“May the love of the Father,
the grace of His Son,
and the fellowship of the Holy Spirit be with you now and forevermore.
And may you know God’s smile.”

AndrewMills-168You hear it at the end of every service here at Tuskawilla Presbyterian Church, but have you ever wondered what it was?

The English word “benediction” is derived from the Latin words bene which means “good” and diction which means “words.” In a religious context, it would refer to good words spoken to another on behalf of God. In other words, it is a blessing and not a prayer because it is directed to people rather than to God.

The benediction was a significant part of the regular worship of Israel. Leviticus 9:22-23 describes one of the worship services saying, “Then Aaron lifted his hands toward the people and blessed them. And having sacrificed the sin offering, the burnt offering and the fellowship offering, he stepped down. Moses and Aaron then went into the tent of meeting. When they came out, they blessed the people; and the glory of the Lord appeared to all the people.”

You may be wondering how Aaron blessed the people. Thankfully we know exactly how he blessed them. He used a benediction that was given directly from God.

“The LORD said to Moses, “Tell Aaron and his sons, ‘This is how you are to bless the Israelites. Say to them: ‘The LORD bless you and keep you; the LORD make his face shine on you and be gracious to you; the LORD turn his face toward you and give you peace.” (Numbers 6:22-26)

The tradition of blessing is continued in the New Testament. It tends to be coupled with a charge to do God’s will. For example, the Great Commission includes a charge and benediction that Jesus gave following his resurrection: “Go therefore and make disciples of all nations, baptizing them in the name of the Father and of the Son and of the Holy Spirit, and teaching them to obey everything that I have commanded you. And remember, I am with you always, to the end of the age. Amen.” (Matthew 28:19-20)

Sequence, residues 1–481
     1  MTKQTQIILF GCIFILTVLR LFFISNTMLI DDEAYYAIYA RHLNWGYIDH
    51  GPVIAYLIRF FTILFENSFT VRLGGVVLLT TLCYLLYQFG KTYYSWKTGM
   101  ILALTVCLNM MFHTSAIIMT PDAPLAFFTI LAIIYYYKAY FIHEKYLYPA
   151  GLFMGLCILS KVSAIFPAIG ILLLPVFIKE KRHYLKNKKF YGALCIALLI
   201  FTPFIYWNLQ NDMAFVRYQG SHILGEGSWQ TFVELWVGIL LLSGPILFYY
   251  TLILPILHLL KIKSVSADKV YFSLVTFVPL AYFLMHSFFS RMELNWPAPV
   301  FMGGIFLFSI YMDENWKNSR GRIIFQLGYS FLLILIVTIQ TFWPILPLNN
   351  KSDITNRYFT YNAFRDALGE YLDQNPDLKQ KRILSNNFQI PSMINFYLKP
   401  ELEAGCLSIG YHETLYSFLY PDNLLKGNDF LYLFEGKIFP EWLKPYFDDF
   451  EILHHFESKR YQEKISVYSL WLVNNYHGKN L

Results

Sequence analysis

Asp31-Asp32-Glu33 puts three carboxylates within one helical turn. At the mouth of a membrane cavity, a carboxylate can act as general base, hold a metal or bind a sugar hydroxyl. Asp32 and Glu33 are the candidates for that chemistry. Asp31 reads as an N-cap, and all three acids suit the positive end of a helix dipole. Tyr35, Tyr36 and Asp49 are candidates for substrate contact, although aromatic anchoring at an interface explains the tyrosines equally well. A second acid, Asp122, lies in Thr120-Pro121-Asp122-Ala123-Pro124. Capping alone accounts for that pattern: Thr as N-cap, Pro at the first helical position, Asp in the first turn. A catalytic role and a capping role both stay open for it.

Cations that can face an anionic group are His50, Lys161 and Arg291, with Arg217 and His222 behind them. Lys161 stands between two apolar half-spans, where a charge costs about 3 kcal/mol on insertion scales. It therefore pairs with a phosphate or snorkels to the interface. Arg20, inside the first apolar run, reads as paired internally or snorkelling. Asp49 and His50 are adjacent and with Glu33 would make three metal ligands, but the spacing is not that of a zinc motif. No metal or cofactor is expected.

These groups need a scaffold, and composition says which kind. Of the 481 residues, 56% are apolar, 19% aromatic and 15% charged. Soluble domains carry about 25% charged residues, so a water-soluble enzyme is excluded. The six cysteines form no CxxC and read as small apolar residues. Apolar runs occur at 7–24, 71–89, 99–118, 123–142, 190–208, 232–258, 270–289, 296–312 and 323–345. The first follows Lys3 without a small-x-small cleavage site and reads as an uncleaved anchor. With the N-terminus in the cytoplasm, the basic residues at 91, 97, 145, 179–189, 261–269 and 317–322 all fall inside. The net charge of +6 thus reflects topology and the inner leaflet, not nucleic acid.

The benediction that we use frequently at Tuskawilla comes from 2 Corinthians 13:14. There are many other benedictions given throughout the Bible. In case you are looking for a good way to conclude your emails, here are ten more:

  • “Grace and peace to you from God our Father and from the Lord Jesus Christ.” (Rom. 1:7)
  • “The God of peace be with you all. Amen.” (Rom. 15:33)
  • “Peace to the brothers, and love with faith from God the Father and the Lord Jesus Christ. Grace to all who love our Lord Jesus Christ with an undying love.” (Eph. 6:23-24)
  • “Now may the Lord of Peace himself give you peace at all times and in every way. the Lord be with all of you.” (2 Thess. 3:16)
  • “Grace, mercy and peace from God the Father and Christ Jesus our Lord.” (1 Tim. 1:2)
  • “The Lord be with your spirit. Grace be with you.” (2 Tim. 4:22)
  • “May the God of peace, who through the blood of the eternal covenant brought back from the dead our Lord Jesus, that great Shepherd of the sheep, equip you with everything good for doing his will, and may he work in us what is pleasing to him, through Jesus Christ, to whom be glory for ever and ever. Amen.” (Heb. 13:20-21)
  • “Peace to all of you who are in Christ.” (1 Pet. 5:14)
  • “Grace and peace be yours in abundance, through the knowledge of God and of Jesus our Lord.” (2 Pet. 1:2)
  • “Grace and peace to you from him who is, and who was, and who is to come, and from the seven spirits before his throne, and from Jesus Christ, who is the faithful witness, the first born from the dead, and the rulers of the kings of the earth.” (Rev. 1:4-5)

Fun fact: The simple parting used by Spanish-speaking people, “Adios,” is a blessing that can be translated: “Go with God.”